Document in the research file that an interpreter was used.

Give a signed copy to the participant.

Signatures required: None

Give a copy to the participant.

Only required for biomedical studies when using the preferred method.

If you need to obtain HIPAA authorization from the participant, follow the instructions below.

Re-Consenting Non-English Speakers (Preferred Method)

It is likely that Non-English speakers may need to be occasionally re-consented. If the preferred method is identified as the approved method for obtaining consent from non-English speaking participants an addendum (or summary of changes) should be used to facilitate ongoing consent. To submit an addendum for the purpose of re-consenting a non-English Speaker, complete the following steps:

Step 1. PI submits English-language addendum

  • Attach the English-language addendum documents only. Also submit English-language versions of recruitment materials or other study materials that will need to be modified and used during the re-consent process.

Step 2. The IRB reviews and approves this request

  • If needed, the IRB requests changes to the English-language addendum materials and PI submits the revised versions.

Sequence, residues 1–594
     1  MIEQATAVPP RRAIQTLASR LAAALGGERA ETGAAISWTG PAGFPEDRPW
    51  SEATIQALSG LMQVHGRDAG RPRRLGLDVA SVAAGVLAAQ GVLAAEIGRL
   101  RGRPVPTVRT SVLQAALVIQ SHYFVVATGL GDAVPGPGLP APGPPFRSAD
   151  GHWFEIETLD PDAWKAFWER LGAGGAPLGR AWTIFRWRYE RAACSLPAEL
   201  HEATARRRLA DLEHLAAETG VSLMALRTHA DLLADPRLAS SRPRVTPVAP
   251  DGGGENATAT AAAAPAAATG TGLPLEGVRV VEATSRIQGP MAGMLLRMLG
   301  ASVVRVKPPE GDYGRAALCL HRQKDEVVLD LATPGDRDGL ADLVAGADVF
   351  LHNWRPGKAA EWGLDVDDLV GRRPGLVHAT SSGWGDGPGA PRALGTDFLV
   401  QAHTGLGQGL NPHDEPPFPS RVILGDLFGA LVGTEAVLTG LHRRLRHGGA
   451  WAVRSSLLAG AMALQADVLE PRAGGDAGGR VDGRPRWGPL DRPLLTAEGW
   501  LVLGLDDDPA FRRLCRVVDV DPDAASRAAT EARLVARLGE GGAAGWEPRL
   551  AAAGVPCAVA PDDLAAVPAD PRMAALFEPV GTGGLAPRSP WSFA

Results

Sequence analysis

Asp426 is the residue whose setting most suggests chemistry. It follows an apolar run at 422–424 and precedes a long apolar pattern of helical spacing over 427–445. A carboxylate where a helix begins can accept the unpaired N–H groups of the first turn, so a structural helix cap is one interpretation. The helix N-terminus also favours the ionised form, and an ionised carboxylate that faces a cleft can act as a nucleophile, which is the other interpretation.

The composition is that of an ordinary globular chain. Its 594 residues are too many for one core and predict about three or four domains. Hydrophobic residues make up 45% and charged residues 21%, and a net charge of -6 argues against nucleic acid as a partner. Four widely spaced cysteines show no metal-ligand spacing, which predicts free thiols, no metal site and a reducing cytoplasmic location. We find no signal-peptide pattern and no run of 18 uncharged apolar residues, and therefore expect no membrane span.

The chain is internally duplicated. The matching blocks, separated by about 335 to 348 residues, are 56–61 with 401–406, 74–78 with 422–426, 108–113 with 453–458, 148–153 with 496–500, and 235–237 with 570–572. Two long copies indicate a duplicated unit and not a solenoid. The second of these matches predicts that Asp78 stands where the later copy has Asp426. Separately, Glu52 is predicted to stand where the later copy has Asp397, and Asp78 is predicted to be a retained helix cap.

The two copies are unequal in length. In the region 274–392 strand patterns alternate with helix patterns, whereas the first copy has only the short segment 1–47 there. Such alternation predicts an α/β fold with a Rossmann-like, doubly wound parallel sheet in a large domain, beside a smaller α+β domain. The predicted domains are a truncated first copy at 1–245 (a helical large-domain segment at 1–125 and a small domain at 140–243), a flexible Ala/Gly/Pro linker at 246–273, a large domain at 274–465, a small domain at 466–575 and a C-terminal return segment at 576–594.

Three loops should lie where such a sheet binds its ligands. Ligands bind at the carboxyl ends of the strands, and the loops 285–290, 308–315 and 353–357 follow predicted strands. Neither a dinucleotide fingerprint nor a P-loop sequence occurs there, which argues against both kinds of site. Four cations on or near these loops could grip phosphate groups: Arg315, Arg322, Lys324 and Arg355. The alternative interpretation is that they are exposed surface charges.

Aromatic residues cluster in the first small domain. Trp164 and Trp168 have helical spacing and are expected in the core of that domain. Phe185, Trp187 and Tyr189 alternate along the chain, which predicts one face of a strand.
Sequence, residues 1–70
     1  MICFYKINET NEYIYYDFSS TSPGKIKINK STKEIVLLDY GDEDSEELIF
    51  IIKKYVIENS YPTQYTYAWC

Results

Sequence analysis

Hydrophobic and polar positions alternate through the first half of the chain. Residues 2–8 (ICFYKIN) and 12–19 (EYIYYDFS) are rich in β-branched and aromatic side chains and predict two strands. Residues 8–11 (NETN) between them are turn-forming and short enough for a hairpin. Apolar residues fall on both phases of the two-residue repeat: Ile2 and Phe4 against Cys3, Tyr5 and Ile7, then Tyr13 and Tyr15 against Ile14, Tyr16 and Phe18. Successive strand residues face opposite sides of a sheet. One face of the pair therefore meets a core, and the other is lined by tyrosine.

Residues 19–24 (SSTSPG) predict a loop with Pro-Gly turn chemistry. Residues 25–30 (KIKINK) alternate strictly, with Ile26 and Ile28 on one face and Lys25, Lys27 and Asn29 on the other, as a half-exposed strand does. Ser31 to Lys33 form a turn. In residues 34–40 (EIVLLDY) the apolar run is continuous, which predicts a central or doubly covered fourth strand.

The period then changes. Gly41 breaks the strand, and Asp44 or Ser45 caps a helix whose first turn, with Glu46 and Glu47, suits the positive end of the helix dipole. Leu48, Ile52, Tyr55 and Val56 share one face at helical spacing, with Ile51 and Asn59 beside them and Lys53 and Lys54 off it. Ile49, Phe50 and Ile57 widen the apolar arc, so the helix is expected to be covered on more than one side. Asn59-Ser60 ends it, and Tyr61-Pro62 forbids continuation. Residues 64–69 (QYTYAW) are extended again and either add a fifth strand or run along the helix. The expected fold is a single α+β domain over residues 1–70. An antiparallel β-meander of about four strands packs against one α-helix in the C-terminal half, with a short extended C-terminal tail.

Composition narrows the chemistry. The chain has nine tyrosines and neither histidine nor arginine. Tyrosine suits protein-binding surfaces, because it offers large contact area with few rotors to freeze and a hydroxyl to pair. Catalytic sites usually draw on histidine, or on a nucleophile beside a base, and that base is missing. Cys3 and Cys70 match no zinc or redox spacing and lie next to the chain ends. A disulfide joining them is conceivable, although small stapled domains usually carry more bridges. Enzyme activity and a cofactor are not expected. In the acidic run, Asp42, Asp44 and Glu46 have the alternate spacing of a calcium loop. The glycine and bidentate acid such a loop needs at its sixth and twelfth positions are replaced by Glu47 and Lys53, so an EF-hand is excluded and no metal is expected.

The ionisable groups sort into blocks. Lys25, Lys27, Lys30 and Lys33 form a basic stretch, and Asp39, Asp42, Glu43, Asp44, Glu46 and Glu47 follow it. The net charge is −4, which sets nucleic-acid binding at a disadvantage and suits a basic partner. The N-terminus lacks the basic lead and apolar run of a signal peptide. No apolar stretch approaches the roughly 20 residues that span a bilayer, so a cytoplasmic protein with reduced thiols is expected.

• IRB approves the re-consent plan and addendum documents.

Step 3. PI obtains translations and submits them as an administrative modification

Short Form Method

The “short form” method for obtaining informed consent should only be used for the occasional and unexpected enrollment of a non-English-speaking participant in a study for which there is no translated consent form in the participant’s language. The University and federal regulators strongly discourage routine use of the short form method. 

Short Form Consent Method Steps:

In the "Subjects" section of the IRB Application, indicate that you may wish to enroll the occasional and unexpected non-English speaker. Then describe how you will conduct the short form consent process for non-English speakers. The IRB must approve the use of the short form in your study before you utilize this method.